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Lansing — A lawsuit alleging partisan gerrymandering by Michigan's Republican-led Legislature is heading toward trial next week after a three-judge panel rejected a settlement proposed by Democratic Secretary of State Jocelyn Benson and plaintiffs. 

Benson does not have the authority to enter into the proposed consent decree without the blessing of the Michigan Legislature, the federal judges said Friday in a ruling rejecting the deal, which would have required reconfiguration of at least 11 state House seats for 2020 elections. 

A trial in the high-stakes case is set to start Tuesday, but the U.S. Supreme Court could still intervene. GOP attorneys are attempting to delay the case, and Justice Sonia Sotomayor on Friday asked parties wishing to weigh in to do so by Monday at 11 a.m., a sign the High Court is considering the request. 

The suit was filed on behalf of the League of Women Voters and a series of Democrats who allege that congressional and legislative district boundaries approved by the Legislature in 2011 were designed to benefit Republican candidates. 

In announcing plans to settle, Benson said the case included "significant evidence of partisan gerrymandering" and predicted the state would lose in court and incur significant legal costs. Her settlement focused on what she said were the most "egregious" examples of partisan gerrymandering -- and likely several neighboring districts as well. 

Instead, the court could decide whether there is evidence to prove claims Republicans intentionally "packed" and "cracked" voters into certain districts. 

Benson and plaintiffs had argued their proposed settlement was similar to a case out of Florida that the U.S. Supreme Court approved.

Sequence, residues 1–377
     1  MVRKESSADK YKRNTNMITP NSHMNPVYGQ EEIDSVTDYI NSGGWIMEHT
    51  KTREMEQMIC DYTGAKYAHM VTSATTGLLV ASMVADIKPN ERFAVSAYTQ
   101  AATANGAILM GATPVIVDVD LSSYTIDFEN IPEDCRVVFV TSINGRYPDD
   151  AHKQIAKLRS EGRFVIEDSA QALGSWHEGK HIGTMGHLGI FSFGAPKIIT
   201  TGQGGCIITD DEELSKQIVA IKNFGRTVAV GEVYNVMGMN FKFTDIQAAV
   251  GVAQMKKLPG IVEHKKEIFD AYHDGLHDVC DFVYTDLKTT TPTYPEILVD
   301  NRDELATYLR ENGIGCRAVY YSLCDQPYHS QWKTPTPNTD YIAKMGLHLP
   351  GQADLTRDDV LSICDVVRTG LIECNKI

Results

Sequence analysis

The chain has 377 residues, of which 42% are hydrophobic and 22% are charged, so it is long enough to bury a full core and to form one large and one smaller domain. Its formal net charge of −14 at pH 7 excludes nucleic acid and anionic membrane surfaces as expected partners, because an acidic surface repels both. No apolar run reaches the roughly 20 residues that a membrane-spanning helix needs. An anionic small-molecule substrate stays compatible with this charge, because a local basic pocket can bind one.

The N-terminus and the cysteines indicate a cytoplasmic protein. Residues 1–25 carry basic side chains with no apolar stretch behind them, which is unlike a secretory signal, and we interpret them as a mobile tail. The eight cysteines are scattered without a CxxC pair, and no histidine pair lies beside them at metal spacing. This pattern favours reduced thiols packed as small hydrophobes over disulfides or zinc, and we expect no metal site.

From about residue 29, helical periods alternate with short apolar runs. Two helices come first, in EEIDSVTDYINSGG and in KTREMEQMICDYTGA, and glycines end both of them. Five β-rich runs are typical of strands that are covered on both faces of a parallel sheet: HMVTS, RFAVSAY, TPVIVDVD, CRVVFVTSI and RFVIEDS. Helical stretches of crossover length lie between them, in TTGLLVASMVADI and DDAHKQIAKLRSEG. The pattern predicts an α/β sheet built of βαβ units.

But in that case, the Florida Senate and House "explicitly consented to the relief contained in the consent decree," Sixth Circuit Court of Appeals Judge Eric Clay wrote on  behalf of the panel, which includes District Court judges Denise Page Hood and Gordon Quist. 

Attorneys for GOP state House Speaker Lee Chatfield, Rep. Aaron Miller and several congressional Republicans had filed motions opposing the settlement. The court on Friday also granted a motion for the Republican-led state Senate to intervene in the case. 

Clay rejected arguments from Benson and plaintiffs that they could enter into a settlement because of a Michigan Supreme Court ruling giving the Attorney General's office broad authority to sue and settle state litigation with "binding effect on Michigan's political subdivisions."

The proposed settlement "would invalidate maps approved and enacted by the Michigan Legislature," Clay wrote. "And the Michigan Constitution gives the Michigan Legislature, not any political subdivision, authority to 'enact laws to regulate the time, place and manner of all... elections.'"

 An attorney for the plaintiffs was not available, but Benson said she respects the court's decision. 

"As the state’s chief election officer, I will continue efforts to resolve this lawsuit in the best interests of all voters and in compliance with constitutional requirements," Benson said in a statement. 

Michigan Republicans have denied overt political bias in the district maps, but emails between map makers revealed as part of the federal case have included several partisan references and commentary on the prospects of maintaining GOP power.

Former Secretary of State Ruth Johnson, a Republican, had defended the 2011 maps, but Benson inherited the case after taking office Jan. 1 and quickly reversed course. While the settlement would have been limited in scope, the lawsuit challenges 34 congressional, state House and Senate districts.

Republican attorneys had asked to delay the trial pending the outcome of alleged gerrymandering cases from Maryland and North Carolina the Supreme Court is set to take up, with oral arguments in late March. 

The three-judge panel also denied those requests, saying all parties to the case "failed to articulate sufficiently compelling justifications" for delaying the trial, but the Supreme Court is weighing a similar request.

Michigan voters in November approved creation of an independent redistricting commission that will draw new political boundaries for 2022 elections and beyond. State law had allowed the Legislature to control that process every 10 years.

joosting@detroitnews.com

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